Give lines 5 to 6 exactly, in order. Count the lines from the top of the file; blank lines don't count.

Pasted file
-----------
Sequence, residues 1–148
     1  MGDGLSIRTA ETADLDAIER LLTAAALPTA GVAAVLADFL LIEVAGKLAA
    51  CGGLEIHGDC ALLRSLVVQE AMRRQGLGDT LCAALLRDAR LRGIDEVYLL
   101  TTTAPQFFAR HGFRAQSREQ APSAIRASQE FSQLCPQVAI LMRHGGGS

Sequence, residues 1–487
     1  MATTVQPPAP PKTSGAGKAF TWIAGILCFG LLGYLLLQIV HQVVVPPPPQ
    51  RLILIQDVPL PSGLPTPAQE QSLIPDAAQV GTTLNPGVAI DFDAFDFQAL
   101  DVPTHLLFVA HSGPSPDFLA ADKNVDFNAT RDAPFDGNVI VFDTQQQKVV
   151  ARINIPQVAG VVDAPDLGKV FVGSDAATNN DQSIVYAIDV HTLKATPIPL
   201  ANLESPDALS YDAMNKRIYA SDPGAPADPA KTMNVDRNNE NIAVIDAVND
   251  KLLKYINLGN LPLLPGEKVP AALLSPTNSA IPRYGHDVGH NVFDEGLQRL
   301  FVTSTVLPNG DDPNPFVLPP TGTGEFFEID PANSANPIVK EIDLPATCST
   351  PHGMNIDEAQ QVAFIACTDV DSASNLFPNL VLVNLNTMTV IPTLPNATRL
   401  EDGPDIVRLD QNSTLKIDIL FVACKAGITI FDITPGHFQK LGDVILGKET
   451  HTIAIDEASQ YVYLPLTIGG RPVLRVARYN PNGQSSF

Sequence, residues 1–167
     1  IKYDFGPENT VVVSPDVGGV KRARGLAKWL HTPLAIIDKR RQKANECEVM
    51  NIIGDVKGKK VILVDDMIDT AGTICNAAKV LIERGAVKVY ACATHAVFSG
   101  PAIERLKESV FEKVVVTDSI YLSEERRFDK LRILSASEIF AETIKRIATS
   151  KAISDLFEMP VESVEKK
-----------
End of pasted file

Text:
Sequence, residues 1–487
     1  MATTVQPPAP PKTSGAGKAF TWIAGILCFG LLGYLLLQIV HQVVVPPPPQ